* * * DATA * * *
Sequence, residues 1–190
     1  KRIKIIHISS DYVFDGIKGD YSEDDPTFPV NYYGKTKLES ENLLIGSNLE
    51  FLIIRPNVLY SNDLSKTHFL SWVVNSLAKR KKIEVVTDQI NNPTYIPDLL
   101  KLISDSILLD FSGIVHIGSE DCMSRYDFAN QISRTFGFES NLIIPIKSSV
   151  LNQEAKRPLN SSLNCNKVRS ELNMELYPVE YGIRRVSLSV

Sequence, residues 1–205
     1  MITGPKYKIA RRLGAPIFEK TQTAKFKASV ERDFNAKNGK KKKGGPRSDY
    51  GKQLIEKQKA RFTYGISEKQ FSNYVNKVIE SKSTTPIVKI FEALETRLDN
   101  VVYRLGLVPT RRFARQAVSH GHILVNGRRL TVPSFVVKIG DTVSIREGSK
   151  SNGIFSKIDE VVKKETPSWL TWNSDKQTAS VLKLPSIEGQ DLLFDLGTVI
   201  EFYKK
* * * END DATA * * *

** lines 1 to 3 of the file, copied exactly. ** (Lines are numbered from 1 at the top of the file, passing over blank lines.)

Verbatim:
Sequence, residues 1–190
     1  KRIKIIHISS DYVFDGIKGD YSEDDPTFPV NYYGKTKLES ENLLIGSNLE
    51  FLIIRPNVLY SNDLSKTHFL SWVVNSLAKR KKIEVVTDQI NNPTYIPDLL